Posts filed under ‘May 2017 reads’

But wait there’s more- “Truly Madly Guilty” by Liane Moriarty

Moriarty is pretty hit or miss for me.  She is experiencing a surge of new readers because of the HBO miniseries “Big Little Lies.”  And that is great because some of her books are quite fun.  But a fun read for me also has to be well written and some stories even a good Reese Witherspoon series can’t save.  This was one.  

Now in all fairness, Moriarty has some pretty good character development in “Truly Madly Guilty” and her writing is, as usual, pretty good.  But sadly the story for her has become contrived and formulaic.  

An event happens that is alluded to in the beginning – you the reader are in the dark – and all of the characters have a perspective on how that event changed them.  The effect of the before and after.    You as the reader find out what happened about two-thirds of the way into the book.  Then it is all about the aftermath for the characters, a resolution, a pat on the back and you are on your way. 

This technique of keeping the reader in the dark so it is suspenseful while all of the characters know everything that has happened is not necessarily a bad technique.  In fact, it is one of the top ten ways to keep readers  engaged and has been used for centuries. But it is quite the favorite of a lot of authors right now and it is getting wearisome.  Moriarty used this technique in “Big, Little Lies” and I feel like her publisher said “write that again but different storyline that maybe Nicole and Reese will like too.”

This technique of “but wait there’s more” means that the writer is relying on the hook not your investment in the story or the characters.  And frankly, a good hook isn’t enough for me.  I want the author to do more.  

I am not done with Moriarty, I think she has more good stories if she can move past the formula that was her biggest hit and maybe move to a more character-driven story or something with a straight timeline so the story carries the reader.   So, I will stick it out.  

Until then I am reading the new book from Paula Hawkins that has many characters all who know something the reader doesn’t know…but wait there’s more (*sigh*).   

June 5, 2017 at 3:43 pm 2 comments

The story of the used book’s margins -“Swimming Lessons” by Claire Fuller

My local library is pretty amazing.  It has been even more fun to go with 61iF2AsxQEL._SX321_BO1,204,203,200_.jpgmy eight and a half year old (she would want me to include the “half”) and let her browse for books while I do the same.  I ran into “Swimming Lessons” on the new book shelves and, though I was a bit wary about the premise  (a story told through letters seems overdone), I decided to carry it on home.  And then I read it in two days because well, it was that good.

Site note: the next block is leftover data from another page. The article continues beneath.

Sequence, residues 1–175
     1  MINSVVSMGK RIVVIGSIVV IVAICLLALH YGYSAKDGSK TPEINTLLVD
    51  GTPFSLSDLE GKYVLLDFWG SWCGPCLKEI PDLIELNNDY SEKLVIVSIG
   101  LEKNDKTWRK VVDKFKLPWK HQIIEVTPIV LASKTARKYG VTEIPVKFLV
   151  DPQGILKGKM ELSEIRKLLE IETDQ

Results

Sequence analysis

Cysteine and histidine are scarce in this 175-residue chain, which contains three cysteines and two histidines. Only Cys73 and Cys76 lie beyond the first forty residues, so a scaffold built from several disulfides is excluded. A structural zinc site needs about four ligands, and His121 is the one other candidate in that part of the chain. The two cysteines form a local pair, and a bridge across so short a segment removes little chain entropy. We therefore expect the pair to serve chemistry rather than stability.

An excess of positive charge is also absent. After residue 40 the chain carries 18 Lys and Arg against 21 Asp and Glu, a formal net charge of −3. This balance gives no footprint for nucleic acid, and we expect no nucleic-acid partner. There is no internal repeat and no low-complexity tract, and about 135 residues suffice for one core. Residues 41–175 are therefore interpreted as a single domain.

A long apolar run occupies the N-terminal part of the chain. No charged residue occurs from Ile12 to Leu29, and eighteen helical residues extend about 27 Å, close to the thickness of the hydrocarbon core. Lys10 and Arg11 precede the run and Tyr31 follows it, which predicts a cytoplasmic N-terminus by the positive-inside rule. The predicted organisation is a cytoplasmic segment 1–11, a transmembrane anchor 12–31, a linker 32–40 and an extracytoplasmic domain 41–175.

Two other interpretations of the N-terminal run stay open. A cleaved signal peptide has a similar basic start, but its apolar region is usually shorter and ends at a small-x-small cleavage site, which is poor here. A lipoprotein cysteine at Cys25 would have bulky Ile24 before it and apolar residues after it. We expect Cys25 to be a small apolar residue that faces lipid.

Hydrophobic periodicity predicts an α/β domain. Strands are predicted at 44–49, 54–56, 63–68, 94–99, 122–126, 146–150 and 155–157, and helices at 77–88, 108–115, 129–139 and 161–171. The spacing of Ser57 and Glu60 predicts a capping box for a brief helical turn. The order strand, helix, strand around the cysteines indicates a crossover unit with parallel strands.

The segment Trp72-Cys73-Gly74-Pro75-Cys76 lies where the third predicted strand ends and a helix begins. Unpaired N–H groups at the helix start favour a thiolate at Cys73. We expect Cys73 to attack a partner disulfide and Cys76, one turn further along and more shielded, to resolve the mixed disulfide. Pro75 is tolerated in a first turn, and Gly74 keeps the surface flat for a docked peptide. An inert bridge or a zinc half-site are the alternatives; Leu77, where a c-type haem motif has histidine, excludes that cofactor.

The story itself is not completely original. Woman, here Ingrid, has plans to be an independent, career woman and adventurer.  Instead falls for her womanizing professor, gets pregnant and thus finds herself stuck in the role of housewife, mother of two.  But while the premise is very familiar the weaving of the story is too amazing to not give it your full attention.

“Swimming Lessons” picks up at the end of the story, as Gil (aka philandering professor) looks out the window of a used bookstore and swears he sees Ingrid, who has been presumed dead for over ten years.  He chases her and ends up injuring himself.  His adult daughters, Nan and Flora, must come home and take care of him in their childhood home on Dorset Beach which is now filled with towers of used books.  As an aside, I can picture these towers vividly and feel that this  may be my house in about 15 years.

The story plays out with one chapter about Nan and Flora tending to their father while dealing with their history and childhood and then the next chapter is a letter from Ingrid  to Gil documenting their life together.  Before Ingrid disappeared off the shore of their home, she spent time writing Gil letters and placing them inside books through-out their home, carefully choosing the book that best suited the letter (a story about a cocktail party placed in T.S. Eliot’s play “The Cocktail Party”). This telling of Ingrid’s story is so heartfelt and lends such a wonderful prospective to what is happening in the proceeding and following chapters as Nan and Flora care for their father.  The letters add a backstory but also an emotional undercurrent that really moves the story in a thought-provoking and unexpected way.

Fuller’s writing and understanding of families, relationships and loss makes this book a meaningful experience for the reader.   I will say at the end you will not have all the answers you want, but you will have all the answers you need to keep you thinking and wondering.  That usually annoys me but here Fuller wins because she does it so well.  I have to say this is one of the best books I have read in quite a long time (with the exception of “Homegoing”).

The lesson here is if you keep returning to that same book on the library shelf and are skeptical – just check-out it.  The worst thing that can happen is you don’t like it and then you just pick another book. Unless you are me and you don’t return it on time and need a budget for library fines. But that is a story for another day.

Happy reading!

May 27, 2017 at 11:04 am Leave a comment


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There is some great literature out there, but there is a lot of bad literature as well. We shouldn't all have to read it. These are my recommendations and thoughts about the books I read.

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